{p. xv} Its strategy would be to replace Chinese resentment and hostility with a sense of obligation, bridging a new century in which China would almost certainly become Asia's dominant political and economic power.

{p. xxi} Emergency policies taken to prevent the wide-scale collapse of the Asian banking and financial sectors added another wrinkle to the debate. Rather than discrediting the Asian model, the Asian recovery seemed to give it new life. The crisis shrank the boundaries of private ownership in the financial sector and expanded government control. Post-crisis, Asia's governments essentially owned its banks. Malaysia owned 20 percent of the banking assets in its country, Thailand 30 percent, South Korea 58 percent, and Indonesia a staggering 78 percent. Instead of sinking into a decade of recession in 1999 and 2000, the Asian economies quickly regained their footing as exports soared, assisted by soft currencies and a U.S. economy on warp drive. By 2000, Asia (excluding Japan) was expanding at a 6 percent annual clip. Even as global growth slowed in 2001, led by a stock market crash in the United States, Asian economies remained relatively robust.

The economies leading the post-1997 recovery, particularly Korea and Thailand, had used generous amounts of public money and exports to save their necks. These were "traditional" components of the Japanese model. The IMF, which had presented long lists of economic reforms as conditions to its huge balance-of-payments emergency support loans in 1997 and 1998, by 1999 was suffering an internal overhaul after facing withering criticism for its mismanagement of the crisis, particularly in Indonesia. Korea and Thailand paid back their IMF loans early, and despite the continued support of President Kim Dae Jung and Prime Minister Chuan Leekpai, huge chunks of the IMF programs were tied up in political wrangling. With the resumption of growth came a blunt rejection of reforms in more politically sensitive areas, such as privatization. Success also bred a conviction that the critics had been wrong and the Asian model had been vindicated. In its response to the crisis, the World Bank echoed the Japanese in placing new emphasis on gradualism and good governance. The new mantra emphasized the role of government in managing the market. Privatization, market opening, and fi-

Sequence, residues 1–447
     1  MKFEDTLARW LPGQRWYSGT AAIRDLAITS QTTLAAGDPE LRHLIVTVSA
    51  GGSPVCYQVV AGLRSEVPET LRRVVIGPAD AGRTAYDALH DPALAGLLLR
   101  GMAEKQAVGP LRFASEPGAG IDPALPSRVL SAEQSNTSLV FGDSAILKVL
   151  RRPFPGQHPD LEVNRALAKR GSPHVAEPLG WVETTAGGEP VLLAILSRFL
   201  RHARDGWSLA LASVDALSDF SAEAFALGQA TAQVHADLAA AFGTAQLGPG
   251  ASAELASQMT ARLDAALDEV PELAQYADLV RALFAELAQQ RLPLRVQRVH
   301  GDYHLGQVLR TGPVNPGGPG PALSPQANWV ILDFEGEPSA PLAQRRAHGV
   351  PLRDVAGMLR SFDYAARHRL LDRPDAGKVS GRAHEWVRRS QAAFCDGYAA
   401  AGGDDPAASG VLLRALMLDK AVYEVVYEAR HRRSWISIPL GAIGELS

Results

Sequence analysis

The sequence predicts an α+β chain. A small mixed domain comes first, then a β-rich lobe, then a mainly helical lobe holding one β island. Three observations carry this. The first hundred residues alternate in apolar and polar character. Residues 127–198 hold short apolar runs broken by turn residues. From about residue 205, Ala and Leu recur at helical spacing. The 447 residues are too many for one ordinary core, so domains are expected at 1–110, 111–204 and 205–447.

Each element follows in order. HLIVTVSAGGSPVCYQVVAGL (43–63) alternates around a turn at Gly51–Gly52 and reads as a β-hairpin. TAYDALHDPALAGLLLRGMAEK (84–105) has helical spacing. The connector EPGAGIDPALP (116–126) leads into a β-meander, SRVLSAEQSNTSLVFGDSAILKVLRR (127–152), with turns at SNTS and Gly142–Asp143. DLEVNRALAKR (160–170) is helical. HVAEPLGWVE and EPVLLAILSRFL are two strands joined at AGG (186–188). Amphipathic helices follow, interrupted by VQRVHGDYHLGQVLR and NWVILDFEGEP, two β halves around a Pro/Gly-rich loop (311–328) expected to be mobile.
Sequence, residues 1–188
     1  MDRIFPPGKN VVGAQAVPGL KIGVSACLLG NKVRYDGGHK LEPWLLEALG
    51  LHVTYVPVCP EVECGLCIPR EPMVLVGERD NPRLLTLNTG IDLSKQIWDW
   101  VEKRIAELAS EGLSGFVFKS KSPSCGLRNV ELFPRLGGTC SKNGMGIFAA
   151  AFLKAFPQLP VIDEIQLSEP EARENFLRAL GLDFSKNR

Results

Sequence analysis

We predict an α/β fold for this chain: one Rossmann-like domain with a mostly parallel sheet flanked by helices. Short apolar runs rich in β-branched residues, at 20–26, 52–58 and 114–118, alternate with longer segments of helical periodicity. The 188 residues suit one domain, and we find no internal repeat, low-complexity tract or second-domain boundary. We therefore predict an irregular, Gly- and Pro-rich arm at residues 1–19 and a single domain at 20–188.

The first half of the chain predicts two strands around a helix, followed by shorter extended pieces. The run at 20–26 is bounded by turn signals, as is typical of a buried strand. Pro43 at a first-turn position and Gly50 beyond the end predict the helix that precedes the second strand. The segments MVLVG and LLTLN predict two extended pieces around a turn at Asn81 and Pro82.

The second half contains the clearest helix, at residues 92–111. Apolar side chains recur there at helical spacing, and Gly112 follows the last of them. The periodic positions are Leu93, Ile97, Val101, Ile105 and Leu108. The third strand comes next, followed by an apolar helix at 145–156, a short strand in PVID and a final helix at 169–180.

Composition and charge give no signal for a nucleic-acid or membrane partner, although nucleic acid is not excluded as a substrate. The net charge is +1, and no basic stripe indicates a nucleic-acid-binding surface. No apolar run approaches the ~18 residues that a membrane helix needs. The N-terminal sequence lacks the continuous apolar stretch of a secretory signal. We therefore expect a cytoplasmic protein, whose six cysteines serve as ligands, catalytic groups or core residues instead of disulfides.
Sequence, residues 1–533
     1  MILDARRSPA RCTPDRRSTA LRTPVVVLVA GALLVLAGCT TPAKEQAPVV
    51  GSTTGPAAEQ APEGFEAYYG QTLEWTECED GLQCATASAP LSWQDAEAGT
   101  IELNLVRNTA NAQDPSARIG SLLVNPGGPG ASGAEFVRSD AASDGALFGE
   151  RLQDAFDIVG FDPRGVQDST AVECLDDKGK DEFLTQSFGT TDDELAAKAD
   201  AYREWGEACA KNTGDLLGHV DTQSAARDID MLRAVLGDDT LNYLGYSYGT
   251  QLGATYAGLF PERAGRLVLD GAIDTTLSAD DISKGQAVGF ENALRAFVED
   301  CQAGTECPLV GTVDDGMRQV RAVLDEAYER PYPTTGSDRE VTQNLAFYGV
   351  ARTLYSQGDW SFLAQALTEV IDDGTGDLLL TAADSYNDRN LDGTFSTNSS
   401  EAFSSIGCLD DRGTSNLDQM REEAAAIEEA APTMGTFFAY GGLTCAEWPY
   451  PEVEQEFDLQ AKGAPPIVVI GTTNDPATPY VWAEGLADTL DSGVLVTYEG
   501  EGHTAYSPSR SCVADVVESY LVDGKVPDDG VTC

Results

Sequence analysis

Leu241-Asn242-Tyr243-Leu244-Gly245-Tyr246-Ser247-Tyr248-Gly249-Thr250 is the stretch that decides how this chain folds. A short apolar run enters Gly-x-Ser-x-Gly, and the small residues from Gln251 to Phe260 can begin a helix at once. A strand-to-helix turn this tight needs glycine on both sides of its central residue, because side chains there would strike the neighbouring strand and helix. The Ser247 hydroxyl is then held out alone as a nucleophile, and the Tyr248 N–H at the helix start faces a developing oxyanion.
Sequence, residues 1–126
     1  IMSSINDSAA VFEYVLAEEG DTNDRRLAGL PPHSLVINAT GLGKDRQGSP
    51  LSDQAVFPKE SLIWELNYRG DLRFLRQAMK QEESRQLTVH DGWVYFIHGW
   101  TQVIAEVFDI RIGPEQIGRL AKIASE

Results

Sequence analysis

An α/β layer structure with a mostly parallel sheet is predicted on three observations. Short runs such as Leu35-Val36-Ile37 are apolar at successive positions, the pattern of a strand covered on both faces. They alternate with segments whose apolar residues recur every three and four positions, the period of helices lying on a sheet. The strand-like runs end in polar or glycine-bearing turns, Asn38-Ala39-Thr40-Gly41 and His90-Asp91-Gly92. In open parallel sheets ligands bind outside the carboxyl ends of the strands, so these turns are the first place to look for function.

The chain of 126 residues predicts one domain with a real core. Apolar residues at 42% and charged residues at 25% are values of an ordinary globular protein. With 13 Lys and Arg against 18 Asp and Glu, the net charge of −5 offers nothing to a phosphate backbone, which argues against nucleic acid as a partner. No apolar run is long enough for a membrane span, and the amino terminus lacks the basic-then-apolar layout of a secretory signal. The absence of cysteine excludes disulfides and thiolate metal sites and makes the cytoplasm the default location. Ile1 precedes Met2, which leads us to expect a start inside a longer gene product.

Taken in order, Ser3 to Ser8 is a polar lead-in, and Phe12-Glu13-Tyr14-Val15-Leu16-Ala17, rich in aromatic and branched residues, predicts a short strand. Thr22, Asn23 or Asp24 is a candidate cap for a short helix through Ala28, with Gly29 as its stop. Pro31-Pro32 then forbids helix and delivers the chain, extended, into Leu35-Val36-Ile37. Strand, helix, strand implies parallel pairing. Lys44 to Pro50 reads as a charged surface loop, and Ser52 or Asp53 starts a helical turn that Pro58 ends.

{p. xxii} nancial liberalization occupied lesser positions in the World Bank's pantheon. By another name, the Japanese model guided the Asian recovery.

{p. xxv} The 1990s saw Japan wandering in a wilderness of its own making, but also saw unprecedented changes to institutional structures that had been bedrock features of the Japanese economy for almost fifty years.

The changes ranged from new foreign ownership of flagship Japanese auto companies, to elite Japanese graduates flocking to foreign firms, to premier Japanese companies' disregard of the walls between rival keiretsu, the giant business combines that took over after World War Two when the U.S. occupation banned holding companies. Auto companies announced they would put subcontracts out to bid, Sakura Bank merged with Sumitomo Bank, and foreign ownership grew in major Japanese companies such as Sony, Rohm, Hitachi, and Mitsubishi Heavy Industries.